Wednesday, October 31, 2012

Oh the nerves, the nerves; the mysteries of this machine called man! Oh the little that unhinges it, poor creatures that we are! ~ Charles Dickens

I have a serious pet peeve. It centers around how American English is spoken. I know I've written about this before but to my sensitive ears it seems to be picking up at an alarming rate. Maybe it's just me. Since I don't spend a lot of time around people every day I don't know if this occurs in day-to-day speech so much, but I do notice a fast-growing trend happening amongst newscasters and reporters around this country.  Alarming to me anyway, because one of these days I'm not going to be able to understand a word they're saying. Or I'm going to strangle every last one of them because I'm not going to be able to take it anymore. I plead my case:

When did it suddenly become ok to pronounce "str" words as "shtr".  Words like "street" are now "shtreet".  "Shtrength".  "Shtratosphere".  "Inshtruction" and "shtir"'s even creeping into the middle of words. "Shtrawberry".  "Shtrudle".  "Shtrip". "Shtrucshure" - now that's a good one. I first became aware of this strange phenomenon when we lived in Portland and a weather forecaster -- who I believe now reports weather for CNN or some big news channel  --  started talking about "the shtrength of the winds". Say what?! Now I hear it everywhere. This morning as I watched The Weather Channel a reporter on there was driving me so crazy with "shtrength" and "shtreet", etc., etc. I finally turned her off.  It was like every other word out of her mouth was distorted this way.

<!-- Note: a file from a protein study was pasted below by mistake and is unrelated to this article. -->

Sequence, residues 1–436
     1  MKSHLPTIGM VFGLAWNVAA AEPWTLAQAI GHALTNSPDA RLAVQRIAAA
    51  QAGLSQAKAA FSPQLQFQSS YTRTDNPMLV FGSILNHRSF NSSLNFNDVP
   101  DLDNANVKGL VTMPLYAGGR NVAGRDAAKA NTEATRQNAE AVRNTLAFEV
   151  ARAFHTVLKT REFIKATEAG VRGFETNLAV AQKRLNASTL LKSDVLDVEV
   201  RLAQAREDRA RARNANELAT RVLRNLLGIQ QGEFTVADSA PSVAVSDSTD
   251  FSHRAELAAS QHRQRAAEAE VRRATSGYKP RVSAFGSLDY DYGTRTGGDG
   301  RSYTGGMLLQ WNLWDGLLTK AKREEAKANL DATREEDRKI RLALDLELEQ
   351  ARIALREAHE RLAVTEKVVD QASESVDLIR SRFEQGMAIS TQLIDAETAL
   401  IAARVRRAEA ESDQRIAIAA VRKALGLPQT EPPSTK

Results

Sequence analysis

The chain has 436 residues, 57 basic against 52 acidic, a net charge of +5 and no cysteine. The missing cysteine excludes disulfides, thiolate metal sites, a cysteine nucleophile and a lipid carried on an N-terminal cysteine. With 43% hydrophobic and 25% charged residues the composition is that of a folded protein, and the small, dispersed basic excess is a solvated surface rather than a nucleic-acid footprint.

Another word that drives me nuts:  "tour" pronounced as "tore" now.  Why? And "often" as "off-ten" instead of off-en. Why did that happen?  When I was in elementary school in the early 60s we were taught very precise pronunciation as we learned our alphabet and how each letter and combo of letters was pronounced.  We even did little exercises with our mouths on some of the harder ones.  But "shtupid"? I even heard that one the other day. We were taught the "t" in often was silent, and even tho the vast majority seems to say "off-ten" now I just can't spit that "t" out there.  It seems me. Last nite a young lady was being interviewed about Hurricane Sandy's aftermath and she said she was appalled at the "deshtruction", how "impordunt" it was to get out before it hit. Impordunt?  Hmmmmmm.

Ah well.

It's like, you know, like, getting harder for me to, like, sit around and, like, listen to this, like, you know, any longer.  It's, you know, like, just driving me, like, you know, crazy.

And with that I bid you adieu. I think I'll go read some Shakespeare.  Even he's easier for me to decipher now.  Like, you know what I'm talkin' about?


Renie Burghardt said...

Hmm, I hadn't noticed that. But i did enjoy your blog.

Judy said...

I still can't get over "a whole nother". I've heard it from news anchors, from the pulpit, and from school teachers. Ugh.
Although, I have to admit that I love to "schnuggle" with the grand kids!

MissKris said...

And I like a 'schnackie' with Don while we're watching TV, ha! It was mostly all tongue-in-cheek, but it DOES drive me crazy, lol! I guess not only is education lacking in punctuation and grammar, it's lacking in teaching people that language is a beautiful thing.

CWMartin said...

Did you catch the one who was trying to speak of the "high population center" that Sandy was hitting, but called it a "very popularious area"? Must be a funny town.

Melodee said...

Oh, that's funny! I've never noticed the "sh" for "s" phenomenon, but I bet I will now.

What annoys me is the use of "tuh" instead of "to." I hear our President say it that way ALL THE TIME and it is distracting and irritating, at least to me! Or should I say, "tuh me"!

Anita said...

My daughter hates it when my husband says "ma-tour" instead of "ma-chour." (mature)

I have a few pet peeves, too. Off-ten is one of mine, as it is with you.

I've got to listen to the 'str' words. I'm sure I'm going to laugh when I notice what you're saying.